Hawaii Senate Advances Asset Forfeiture Reform Measure. The state Senate has approved Senate Bill 294, which would end civil asset forfeiture by requiring a conviction on a felony count before seized property could be sold or otherwise disposed of. The bill would also direct proceeds from the sale of seized property to the state's general fund instead of a fund controlled by law enforcement. Gov. David Ige (D) vetoed a similar bill in 2019, citing concerns it would hinder law enforcement.

Drug Testing

Illinois Bill Would Require Drug Screening to Receive Food Stamps. A downstate Republican, Rep. Blaine Wilhour, filed HB 658 last Friday. The bill would require recipients of the Supplemental Nutrition Assistance Program (SNAP) to undergo a drug screening upon being approved for benefits. The bill would also require them to agree to random drug screening while they are receiving the benefits. The bill has not yet been referred to a committee.

Drug Treatment

Lawmakers Urge Biden to Back Buprenorphine Expansion. A group of lawmakers led by led by Sens. Maggie Hassan (D-NH) and Lisa Murkowski (R-AK) and joined by four members in the House is calling on President Biden to allow more doctors to prescribe buprenorphine, a drug used for the treatment of opioid addiction. The Trump administration had loosened rules for buprenorphine prescribing, but in an early move, the Biden administration reversed that move, saying it was premature. The lawmakers are now reintroducing legislation to eliminate restrictive rules and are calling on Biden to "deliver on your promise to expand access to medication-assisted treatment."

Foreign Policy

US Prosecutors Are Investigating the Honduran President on Drug Trafficking Charges. In new court filing last Friday in the case of an indicted Honduran drug trafficker, federal prosecutors in the Southern District of New York said that Honduran President Juan Orlando Hernandez and other "high-ranking officials" were targets of a drug trafficking investigation. In another filing last month, prosecutors said that by 2013 Hernandez had "accepted millions of dollars in drug trafficking proceeds" and in return had "promised drug traffickers from prosecutors, law enforcement, and extradition to the United States." Hernandez has been a key US ally in the region.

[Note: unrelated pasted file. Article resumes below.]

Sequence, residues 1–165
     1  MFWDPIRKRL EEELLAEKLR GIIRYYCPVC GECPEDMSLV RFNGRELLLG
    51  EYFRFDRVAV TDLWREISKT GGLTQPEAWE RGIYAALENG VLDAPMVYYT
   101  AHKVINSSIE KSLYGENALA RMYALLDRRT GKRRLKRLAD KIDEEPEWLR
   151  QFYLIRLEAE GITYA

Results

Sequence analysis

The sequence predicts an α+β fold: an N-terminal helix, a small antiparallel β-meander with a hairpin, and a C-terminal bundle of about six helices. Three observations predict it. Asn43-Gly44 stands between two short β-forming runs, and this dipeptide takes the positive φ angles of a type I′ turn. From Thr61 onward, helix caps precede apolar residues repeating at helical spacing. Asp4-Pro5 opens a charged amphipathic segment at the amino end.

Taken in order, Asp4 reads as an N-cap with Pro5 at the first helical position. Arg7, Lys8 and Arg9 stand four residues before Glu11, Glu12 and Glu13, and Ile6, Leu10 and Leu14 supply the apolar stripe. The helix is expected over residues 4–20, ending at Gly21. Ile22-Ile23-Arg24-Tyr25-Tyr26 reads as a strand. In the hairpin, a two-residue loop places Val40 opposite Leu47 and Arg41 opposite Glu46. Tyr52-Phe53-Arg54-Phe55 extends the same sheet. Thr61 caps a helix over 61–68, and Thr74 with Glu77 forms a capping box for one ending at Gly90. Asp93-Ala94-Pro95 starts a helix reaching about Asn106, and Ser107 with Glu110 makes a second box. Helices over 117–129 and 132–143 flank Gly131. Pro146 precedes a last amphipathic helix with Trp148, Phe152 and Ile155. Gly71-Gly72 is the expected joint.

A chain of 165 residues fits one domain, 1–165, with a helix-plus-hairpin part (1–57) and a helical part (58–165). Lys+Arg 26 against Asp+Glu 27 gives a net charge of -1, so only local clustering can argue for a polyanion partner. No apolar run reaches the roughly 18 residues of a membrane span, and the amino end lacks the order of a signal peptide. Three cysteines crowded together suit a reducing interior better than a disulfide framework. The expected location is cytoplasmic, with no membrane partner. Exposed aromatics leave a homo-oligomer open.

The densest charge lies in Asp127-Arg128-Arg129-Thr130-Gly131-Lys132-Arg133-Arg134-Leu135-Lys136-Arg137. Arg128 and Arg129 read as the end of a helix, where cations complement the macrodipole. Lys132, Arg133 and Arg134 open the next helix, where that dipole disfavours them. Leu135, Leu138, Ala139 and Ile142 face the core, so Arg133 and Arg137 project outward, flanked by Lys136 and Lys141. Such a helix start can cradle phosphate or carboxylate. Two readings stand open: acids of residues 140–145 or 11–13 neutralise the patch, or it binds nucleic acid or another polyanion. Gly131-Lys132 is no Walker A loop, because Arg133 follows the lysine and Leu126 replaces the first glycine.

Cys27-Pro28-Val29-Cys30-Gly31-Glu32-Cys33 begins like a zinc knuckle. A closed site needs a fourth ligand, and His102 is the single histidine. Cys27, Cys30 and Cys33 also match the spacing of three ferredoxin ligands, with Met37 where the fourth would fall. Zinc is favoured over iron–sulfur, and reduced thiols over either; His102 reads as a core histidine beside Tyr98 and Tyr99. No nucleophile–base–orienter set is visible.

Study Finds Meth Deaths Rose Steadily in Recent Years, USSC Charts Rise in Federal Fentanyl Cases, More... (1/25/21)

Marijuana legalization bills are filed in Florida and Hawaii, a bill to protect medical marijuana-using veterans is filed in Congress, and more.

Federal fentanyl prosecutions are rising rapidly, the US Sentencing Commission reports. (Creative Commons)
Marijuana Policy

Florida Marijuana Legalization Bills Filed. State Rep. Carlos Guillermo Smith (D-Orlando) and state Sen. Jeff Brandes (R-St. Petersburg) have filed companion marijuana legalization bills, HB 343 and SB 710, respectively. The bills would "establish a robust and free-market regulatory approach to the governance of cultivation, processing, and retail sales of both medical and adult-use marijuana." They would legalize up to 2.5 ounces for people 21 and over.

Hawaii Marijuana Legalization Bill Filed. A marijuana legalization bill was filed last week in Honolulu. The bill, SB 704, would set up a system of taxed and regulated marijuana sales, as well as legalizing the possession of up to an ounce of marijuana and allowing for the personal cultivation of up to six plants, of which three can be mature.

Washington State Home Cultivation Bill Advances. A bill that would allow people to grow their own weed at home, HB 1019, was approved by the House Commerce and Gaming Committee on a 7-2 vote last Friday. Although the state has legalized marijuana, home cultivation remains a felony. This bill would allow people to grow up to six plants and keep the fruits of their harvest.